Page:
What are the treatment options for ITBS?
Optimal management of these patients requires a multidisciplinary team approach with the pain specialists and physiotherapists playing the key role.
Acute phase treatment
During this phase the aim is to relieve pain and limit the inflammatory response. This requires activity limitation or modification and refraining from provoking activities such as running. General principles of management during this phase are
- Refrain from the inciting activity for up to 6 weeks or until the pain has resolved. Activities such as yoga, swimming, walking which do not provoke pain can be continued.
- Rest, ice, compression and elevation (RICE)
- Simple painkillers and anti-inflammatory medications
- Ultrasound guided Injections
Ultrasound guided steroid Injections
Local injections are considered in severe cases where physical therapy and oral medications fail to provide adequate relief. Local injection can help in confirming the diagnosis, providing prolonged pain relief and facilitating early return to routine physical activities, especially when used early in the disease. Ultrasound guidance throughout the procedure is valuable in improving accuracy and reducing complications. Any fluid collection, if present, can be removed at the same time. Post injection activities can be increased in a graded fashion once the patient has been pain free for two weeks.
Subacute phase- Gradual Stretching
Once inflammation is under control exercises focussing on stretching and improving flexibility can be started. This lays the foundation for subsequent strength training. Any contributory factors such as footwear, posture, sports specific technique training etc should be addressed.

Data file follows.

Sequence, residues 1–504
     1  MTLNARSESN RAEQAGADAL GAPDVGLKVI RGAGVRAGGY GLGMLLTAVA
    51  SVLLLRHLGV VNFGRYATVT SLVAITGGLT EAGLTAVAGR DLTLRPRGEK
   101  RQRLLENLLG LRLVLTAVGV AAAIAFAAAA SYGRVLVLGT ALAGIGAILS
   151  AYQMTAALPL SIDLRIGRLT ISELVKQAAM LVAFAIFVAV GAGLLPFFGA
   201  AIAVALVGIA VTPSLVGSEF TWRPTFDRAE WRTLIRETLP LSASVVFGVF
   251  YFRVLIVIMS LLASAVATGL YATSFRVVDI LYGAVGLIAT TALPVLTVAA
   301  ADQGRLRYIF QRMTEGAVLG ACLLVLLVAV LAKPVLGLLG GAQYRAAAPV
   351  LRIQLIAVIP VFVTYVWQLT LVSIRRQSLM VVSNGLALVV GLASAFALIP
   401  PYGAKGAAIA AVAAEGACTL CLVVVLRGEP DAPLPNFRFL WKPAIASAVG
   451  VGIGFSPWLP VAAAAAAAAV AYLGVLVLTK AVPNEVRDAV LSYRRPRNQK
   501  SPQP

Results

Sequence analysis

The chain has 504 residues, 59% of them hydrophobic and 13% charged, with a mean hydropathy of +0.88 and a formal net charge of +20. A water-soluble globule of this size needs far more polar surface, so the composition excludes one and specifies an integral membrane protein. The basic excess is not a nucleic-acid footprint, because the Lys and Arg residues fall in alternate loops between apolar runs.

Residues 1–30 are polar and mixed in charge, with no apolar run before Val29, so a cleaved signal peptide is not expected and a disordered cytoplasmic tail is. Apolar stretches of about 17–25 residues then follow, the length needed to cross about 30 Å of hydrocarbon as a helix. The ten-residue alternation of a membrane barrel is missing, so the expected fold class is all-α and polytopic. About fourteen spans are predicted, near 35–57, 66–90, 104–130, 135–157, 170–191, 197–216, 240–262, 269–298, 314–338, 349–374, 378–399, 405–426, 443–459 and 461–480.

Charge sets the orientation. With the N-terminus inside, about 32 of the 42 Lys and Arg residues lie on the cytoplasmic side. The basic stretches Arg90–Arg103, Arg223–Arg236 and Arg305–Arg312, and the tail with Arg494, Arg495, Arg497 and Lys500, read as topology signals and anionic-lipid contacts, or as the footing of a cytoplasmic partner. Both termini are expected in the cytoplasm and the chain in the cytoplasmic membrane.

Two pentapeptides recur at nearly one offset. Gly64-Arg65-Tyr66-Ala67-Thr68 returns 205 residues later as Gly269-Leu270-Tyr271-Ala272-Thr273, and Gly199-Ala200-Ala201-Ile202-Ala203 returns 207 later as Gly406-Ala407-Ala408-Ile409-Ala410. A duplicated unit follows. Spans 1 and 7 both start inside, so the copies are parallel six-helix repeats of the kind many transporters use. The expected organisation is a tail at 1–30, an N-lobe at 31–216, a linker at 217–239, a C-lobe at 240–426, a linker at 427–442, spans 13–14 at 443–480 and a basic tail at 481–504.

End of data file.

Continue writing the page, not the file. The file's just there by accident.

Most patients are able to return to activity within 6 to 8 weeks. ITBS however can have a fluctuating course and may relapse during the treatment or return to activity phase. Stretching of the iliotibial band, gluteus muscles and strengthening of the low back, hips, knees, and leg muscles is frequently recommended as part of the treatment plan to prevent reoccurrences. Improving strength around the hip helps to reduce the forces on the IT band.
Identifying and addressing the underlying causes of the problem is important. It may involve analysis of gait, leg length, pelvic tilt, and that of muscle strength, balance and flexibility.
Surgical intervention is reserved for refractory cases not responding to the above-mentioned measures for more than 6 months. Options include ITB release, ITB lengthening, removal of bursa (ITB bursectomy), and arthroscopic ITB debridement.